When you’re learning Angular, there’s a lot of new vocabulary to learn. This is particularly true for Angular providers. Terms like “directive”, “service”, “filter”, “decorator” and “factory” can be overwhelming at first.

Knowing which provider to pick when you’re adding code to a project can be equally daunting. Given the wide array of choices, it is understandable that some developers hit decision paralysis.

Alternatively, when unsure of the best path forward, the all-too-common response is to load everything into a controller. This gets the job done in many situations but can also lead to technical debt if done recklessly.

Let’s take a look at some common situations and choices below.

I’m Storing Data Structures or Information

Use a Service

When dealing with data or business logic inside of an angular app, the most appropriate solution is a service or a factory. This is in contrast to UI related concerns (covered later).

The service and factory objects differ in syntax, but provide the same end result. If you’re unsure which one to use specifically, I recommend a service for reasons I will cover in a future post.


  • Storing a list of JSON objects from an API.
  • Sharing data between multiple areas of an app (eg: user.email, user.locale, etc..).
  • Creating a notifier that is accessible by many parts of the app.
  • Storing complicated permission rules in one unified place.


I’m Writing Complex Business Logic

See above. As a general rule of thumb, complicated business logic (the kind that bloats controllers) is best kept in a service or factory.

I’m Formatting or Manipulating Data

Use a Filter

If you have code that relates to “shaping” data from one format to another, a filter might be the best choice.

Filters ingest an input object and output a new object in a specified format. Usually this is done in the view with the pipe (|) operator. A less common (but useful) strategy is to call a filter inside of a service or controller using the $filter lookup service.


  • Sorting a list of users.
  • Formatting currency.
  • Transforming an object into a more useful format for your template.


I’m Manipulating the DOM or HTML

Use a Directive

If you find yourself copying and pasting code from one HTML file to another or copy/pasting code between controllers, it might be time to pull that logic into a directive.

Directives let you re-use view related logic and presentation. Directives make custom HTML tags and attributes possible and they are Angular’s “killer feature”.


  • Creating a data grid to present users with reports.
  • Building a UI “widget” that is shared by many controllers or pages.
  • Adding interactive visual components such as drag-and-drop features.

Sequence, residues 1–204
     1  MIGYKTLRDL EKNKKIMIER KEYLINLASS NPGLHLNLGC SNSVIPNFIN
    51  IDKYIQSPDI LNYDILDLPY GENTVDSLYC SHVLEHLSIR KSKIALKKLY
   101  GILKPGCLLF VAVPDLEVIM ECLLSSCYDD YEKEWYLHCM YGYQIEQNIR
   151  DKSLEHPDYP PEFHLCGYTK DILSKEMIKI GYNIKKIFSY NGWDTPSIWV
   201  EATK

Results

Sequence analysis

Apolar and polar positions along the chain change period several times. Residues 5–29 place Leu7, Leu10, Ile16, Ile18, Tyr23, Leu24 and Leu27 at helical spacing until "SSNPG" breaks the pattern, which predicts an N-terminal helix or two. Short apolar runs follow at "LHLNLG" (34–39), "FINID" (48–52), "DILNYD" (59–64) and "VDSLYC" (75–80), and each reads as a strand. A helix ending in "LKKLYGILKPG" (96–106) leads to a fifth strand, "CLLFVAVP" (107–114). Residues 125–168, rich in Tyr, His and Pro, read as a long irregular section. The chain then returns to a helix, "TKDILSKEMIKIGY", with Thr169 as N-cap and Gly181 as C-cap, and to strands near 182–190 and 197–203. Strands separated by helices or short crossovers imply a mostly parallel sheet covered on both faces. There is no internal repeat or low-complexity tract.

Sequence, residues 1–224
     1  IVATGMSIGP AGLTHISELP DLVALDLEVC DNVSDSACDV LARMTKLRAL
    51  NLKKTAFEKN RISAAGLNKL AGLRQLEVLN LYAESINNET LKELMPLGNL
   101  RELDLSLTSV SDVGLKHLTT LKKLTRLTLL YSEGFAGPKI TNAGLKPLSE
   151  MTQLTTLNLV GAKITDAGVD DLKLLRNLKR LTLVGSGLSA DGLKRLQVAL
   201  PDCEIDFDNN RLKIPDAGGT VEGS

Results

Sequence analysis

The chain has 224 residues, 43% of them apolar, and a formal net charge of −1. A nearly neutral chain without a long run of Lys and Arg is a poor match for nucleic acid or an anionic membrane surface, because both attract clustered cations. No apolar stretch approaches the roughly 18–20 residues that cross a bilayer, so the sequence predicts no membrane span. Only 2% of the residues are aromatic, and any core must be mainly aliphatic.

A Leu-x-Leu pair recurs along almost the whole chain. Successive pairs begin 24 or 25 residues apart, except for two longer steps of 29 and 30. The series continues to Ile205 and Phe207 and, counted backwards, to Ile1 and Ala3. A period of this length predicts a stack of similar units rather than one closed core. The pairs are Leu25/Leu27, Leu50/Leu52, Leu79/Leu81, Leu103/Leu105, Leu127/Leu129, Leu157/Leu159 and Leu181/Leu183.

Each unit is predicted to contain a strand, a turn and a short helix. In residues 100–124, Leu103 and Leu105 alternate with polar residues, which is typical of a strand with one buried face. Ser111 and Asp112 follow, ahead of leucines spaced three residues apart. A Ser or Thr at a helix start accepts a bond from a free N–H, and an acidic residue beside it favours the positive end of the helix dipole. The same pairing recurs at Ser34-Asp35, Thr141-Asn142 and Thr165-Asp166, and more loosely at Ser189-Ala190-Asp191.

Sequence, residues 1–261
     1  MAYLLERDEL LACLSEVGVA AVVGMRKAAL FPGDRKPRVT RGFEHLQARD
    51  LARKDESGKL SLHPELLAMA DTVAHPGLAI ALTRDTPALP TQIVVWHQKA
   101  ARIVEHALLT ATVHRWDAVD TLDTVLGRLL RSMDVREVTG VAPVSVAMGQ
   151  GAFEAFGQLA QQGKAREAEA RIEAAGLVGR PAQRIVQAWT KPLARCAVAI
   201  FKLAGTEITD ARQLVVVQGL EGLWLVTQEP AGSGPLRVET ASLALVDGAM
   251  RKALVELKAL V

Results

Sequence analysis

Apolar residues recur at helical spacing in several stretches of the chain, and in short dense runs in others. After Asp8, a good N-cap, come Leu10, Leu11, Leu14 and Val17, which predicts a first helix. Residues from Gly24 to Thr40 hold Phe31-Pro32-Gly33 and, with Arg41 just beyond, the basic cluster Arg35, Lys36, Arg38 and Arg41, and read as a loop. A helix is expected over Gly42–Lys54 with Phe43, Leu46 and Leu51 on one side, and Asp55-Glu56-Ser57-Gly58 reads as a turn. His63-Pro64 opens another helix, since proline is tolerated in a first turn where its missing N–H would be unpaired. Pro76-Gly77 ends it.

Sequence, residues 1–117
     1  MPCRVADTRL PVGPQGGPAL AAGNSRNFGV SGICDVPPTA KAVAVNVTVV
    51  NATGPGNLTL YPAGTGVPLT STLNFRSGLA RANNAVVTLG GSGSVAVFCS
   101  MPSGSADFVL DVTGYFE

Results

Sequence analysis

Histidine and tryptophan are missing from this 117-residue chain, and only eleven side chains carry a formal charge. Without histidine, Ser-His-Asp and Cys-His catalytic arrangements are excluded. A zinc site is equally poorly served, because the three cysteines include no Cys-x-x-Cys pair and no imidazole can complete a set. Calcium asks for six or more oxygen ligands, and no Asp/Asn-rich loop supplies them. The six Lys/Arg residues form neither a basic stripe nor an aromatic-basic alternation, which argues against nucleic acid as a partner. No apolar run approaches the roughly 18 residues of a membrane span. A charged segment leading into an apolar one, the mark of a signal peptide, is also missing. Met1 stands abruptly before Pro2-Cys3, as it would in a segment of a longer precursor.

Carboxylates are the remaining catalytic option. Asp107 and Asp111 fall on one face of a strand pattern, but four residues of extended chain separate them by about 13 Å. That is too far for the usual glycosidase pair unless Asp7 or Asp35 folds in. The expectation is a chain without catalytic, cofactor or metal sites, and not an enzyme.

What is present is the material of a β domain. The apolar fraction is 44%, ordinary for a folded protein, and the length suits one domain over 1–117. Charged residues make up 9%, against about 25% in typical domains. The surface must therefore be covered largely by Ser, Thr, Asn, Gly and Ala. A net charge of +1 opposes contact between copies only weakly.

• Creating custom reusable HTML tags such as <user-profile id=123></user-profile> or <receipt order-id=23></receipt>.

Note: Often, UI components require extensive data manipulation internally. For instance, a data grid may need to manipulate data in complex ways. In such cases, isolate complex logic into its own service or factory. You can include this logic by injecting it into the directive directly. This creates a strong separation of UI and data concerns.


I Need to Tweak an Existing Provider

Use a Decorator

Scenario: You’re using a 3rd party library from Github or NPM. It works great, but there’s one small modification you need to make for your use case. You don’t want to change the original source code because it’s only a minute modification to an otherwise useful provider.

This is where decorators shine. They are one of the least used providers, but are very useful for a small subset of use cases.

A decorator allows you to wrap a service and “decorate” it with additional functionality.


  • Modifying $exceptionHandler to work with a 3rd party error reporting tool, such as Honey Badger.
  • Patching an undesired behavior in a 3rd party library without resorting to a full-blown project fork.


I Need to Initialize View Data

Put it in the Controller

You’re building an Angular view or template and need to do some “data massaging” when the page loads.

Although the Angular style guide recommends keeping controllers focused, this is a use case where putting code in a controller is OK.


  • Fetching a list of users from a service on page load (but don’t write the fetching logic itself in the controller- use a service for that!).
  • Setting default values for view data that is unavailable at load time.

Bad Examples

Since controllers are highly prone to bloating, it is worth considering bad controller use cases:

  • DOM manipulation: Use a directive.
  • Binding DOM event handlers: Use ng-click and friends. Better yet, write a directive.
  • Transforming data: Use a filter.
  • Excessive logic that isn’t totally and 100% related to the current view: Use a service.


Other Use Cases

In real world apps, directives and services are where the majority of code belongs. Following these basics steps can help keep your controllers slim and technical debt to a minimum.

The majority of technical debt in Angular occurs in the controller. It is always worth asking the question “Does this belong here?” when adding new features to an Angular application.

If you’re still unsure of where to put logic in an application, a service is a good place to start. An exception to this rule is code which modifies the DOM, in which case a directive is almost always the correct solution.

Have questions about a use case we didn’t cover? Let us know in the comments.

comments powered by Disqus